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Have you considered your privacy rights when using birth control apps?

Have you considered your privacy rights when using birth control apps?

Assessment of a Wired.com article by Megan Molteni

Abstract from the article titled, "Before Using Birth Control Apps Consider Your Privacy" posted on Wired.com: "Natural Cycles’ privacy policy states that in using the app each user grants the company and any of its partners broad rights to “use, reproduce, distribute, modify, adapt, prepare derivative works of, publicly display, publicly perform, communicate to the public, and otherwise utilize and exploit a user's anonymized information.”

Subjective: This article points out important considerations for people utilizing birth control and related apps that require the user to provide a significant amount of personal information. The somewhat galling aspect of which is that many users pay subscriptions for these services that in the end could make no small amount of money off this data.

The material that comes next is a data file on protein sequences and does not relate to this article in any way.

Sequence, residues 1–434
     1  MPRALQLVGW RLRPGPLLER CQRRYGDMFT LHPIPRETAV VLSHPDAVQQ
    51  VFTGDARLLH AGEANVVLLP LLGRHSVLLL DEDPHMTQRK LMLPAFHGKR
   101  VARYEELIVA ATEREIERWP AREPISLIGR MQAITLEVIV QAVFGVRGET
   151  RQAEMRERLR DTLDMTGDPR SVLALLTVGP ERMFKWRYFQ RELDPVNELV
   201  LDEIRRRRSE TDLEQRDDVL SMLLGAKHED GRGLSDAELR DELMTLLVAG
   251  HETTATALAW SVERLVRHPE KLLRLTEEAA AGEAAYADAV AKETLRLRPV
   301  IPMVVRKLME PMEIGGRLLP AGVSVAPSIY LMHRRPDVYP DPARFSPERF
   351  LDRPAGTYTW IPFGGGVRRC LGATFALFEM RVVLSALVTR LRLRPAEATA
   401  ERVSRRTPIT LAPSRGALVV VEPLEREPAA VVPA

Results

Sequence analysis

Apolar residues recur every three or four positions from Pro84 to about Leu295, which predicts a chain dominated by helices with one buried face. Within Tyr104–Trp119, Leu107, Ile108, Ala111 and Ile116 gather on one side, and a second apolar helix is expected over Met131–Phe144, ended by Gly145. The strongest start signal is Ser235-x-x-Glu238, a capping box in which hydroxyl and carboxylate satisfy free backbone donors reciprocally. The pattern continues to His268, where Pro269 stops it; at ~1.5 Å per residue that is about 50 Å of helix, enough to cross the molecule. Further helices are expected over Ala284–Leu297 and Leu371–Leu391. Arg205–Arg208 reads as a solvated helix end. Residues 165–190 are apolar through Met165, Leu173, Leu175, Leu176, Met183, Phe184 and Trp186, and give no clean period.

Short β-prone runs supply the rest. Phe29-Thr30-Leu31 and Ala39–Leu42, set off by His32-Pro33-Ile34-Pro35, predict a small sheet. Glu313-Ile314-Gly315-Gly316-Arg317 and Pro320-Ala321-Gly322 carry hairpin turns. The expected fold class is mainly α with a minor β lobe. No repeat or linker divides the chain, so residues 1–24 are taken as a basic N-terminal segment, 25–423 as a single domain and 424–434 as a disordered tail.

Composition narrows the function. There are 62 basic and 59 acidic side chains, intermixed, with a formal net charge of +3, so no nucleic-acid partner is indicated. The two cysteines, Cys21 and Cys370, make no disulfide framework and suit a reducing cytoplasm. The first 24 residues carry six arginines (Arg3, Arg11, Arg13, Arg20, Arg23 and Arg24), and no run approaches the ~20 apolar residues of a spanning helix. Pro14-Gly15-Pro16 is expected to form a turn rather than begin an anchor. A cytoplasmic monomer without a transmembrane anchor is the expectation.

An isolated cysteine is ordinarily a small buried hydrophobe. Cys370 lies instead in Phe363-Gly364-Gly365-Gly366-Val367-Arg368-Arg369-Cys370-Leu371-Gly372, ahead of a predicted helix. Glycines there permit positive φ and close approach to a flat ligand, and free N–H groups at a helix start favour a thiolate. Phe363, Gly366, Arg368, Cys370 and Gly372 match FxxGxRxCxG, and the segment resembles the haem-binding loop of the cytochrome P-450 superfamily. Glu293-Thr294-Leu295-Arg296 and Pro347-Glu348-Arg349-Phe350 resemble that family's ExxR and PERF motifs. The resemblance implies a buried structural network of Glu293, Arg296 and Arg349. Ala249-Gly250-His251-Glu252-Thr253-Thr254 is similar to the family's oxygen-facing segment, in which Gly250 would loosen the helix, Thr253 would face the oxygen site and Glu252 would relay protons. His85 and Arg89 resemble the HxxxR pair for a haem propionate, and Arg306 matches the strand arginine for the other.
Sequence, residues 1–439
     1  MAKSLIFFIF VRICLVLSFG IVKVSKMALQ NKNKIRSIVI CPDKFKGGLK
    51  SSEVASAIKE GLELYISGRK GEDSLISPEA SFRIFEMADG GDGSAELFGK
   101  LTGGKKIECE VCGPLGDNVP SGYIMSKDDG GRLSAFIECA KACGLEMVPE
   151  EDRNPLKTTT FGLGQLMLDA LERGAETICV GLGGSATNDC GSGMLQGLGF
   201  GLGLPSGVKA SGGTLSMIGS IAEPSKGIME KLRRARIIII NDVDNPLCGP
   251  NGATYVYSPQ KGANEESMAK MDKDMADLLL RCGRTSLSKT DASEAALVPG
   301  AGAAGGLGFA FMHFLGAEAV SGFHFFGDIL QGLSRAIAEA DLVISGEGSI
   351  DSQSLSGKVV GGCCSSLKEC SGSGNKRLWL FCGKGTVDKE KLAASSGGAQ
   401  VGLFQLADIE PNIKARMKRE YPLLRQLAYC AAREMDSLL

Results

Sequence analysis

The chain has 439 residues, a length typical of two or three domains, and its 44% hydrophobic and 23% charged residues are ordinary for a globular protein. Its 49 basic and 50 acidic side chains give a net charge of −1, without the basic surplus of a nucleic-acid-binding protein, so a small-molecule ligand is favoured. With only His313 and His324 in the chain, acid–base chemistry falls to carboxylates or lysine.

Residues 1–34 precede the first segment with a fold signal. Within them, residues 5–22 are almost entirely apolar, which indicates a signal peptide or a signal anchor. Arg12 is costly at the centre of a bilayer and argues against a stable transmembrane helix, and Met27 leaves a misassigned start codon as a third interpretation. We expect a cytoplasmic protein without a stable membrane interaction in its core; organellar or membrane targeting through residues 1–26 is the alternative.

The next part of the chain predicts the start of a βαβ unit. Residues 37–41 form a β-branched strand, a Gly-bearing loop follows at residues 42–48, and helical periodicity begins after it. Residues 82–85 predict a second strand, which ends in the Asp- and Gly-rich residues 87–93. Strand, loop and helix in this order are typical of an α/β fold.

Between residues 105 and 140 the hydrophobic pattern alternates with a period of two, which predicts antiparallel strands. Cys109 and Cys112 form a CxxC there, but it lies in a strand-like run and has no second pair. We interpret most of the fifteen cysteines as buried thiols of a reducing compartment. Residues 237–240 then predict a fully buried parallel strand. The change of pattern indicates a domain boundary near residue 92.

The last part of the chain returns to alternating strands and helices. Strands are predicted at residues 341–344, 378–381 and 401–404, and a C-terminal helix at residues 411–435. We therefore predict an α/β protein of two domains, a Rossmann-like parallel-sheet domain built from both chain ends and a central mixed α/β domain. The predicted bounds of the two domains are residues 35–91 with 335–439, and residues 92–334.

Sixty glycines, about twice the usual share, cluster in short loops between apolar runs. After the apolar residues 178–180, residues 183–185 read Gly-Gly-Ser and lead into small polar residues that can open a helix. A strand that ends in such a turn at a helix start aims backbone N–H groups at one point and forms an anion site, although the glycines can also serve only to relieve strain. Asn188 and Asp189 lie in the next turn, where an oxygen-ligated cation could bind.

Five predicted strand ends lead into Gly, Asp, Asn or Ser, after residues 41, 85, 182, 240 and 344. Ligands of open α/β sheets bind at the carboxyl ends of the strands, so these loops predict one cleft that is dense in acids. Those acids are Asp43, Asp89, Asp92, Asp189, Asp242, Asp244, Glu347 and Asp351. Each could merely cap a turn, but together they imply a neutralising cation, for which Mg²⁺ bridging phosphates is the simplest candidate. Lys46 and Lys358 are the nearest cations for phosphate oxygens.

Objective: Megan Moltini provides a balanced description of the pros and cons in using these types of apps. It is pointed out that many are not actively selling personal data at the time of the article and that the data they retrieve helps to provide a better product for its users. However, the potential for secondary use of the data for other unknown purposes is there.

Assessment: With statements such as this, users need to make educated choices about the apps that they choose to share their personal health information with: “Berglund says Natural Cycles’ only revenue stream at the moment is the app’s subscription service, and that selling customer data to third parties isn’t part of the company’s business plan. “We’ve never shared any data for financial purposes,” she says. But that may not always be the case. “I can’t say we’ll never share data, there’s no guarantees in life of what will happen.”

Plan: It has become very apparent that our personal data is being collected at great scale whether legally or illegally and it is important that we make active and educated choices about the health apps we use before automatically clicking the “Ok” or “I Agree” button when reviewing terms and conditions.

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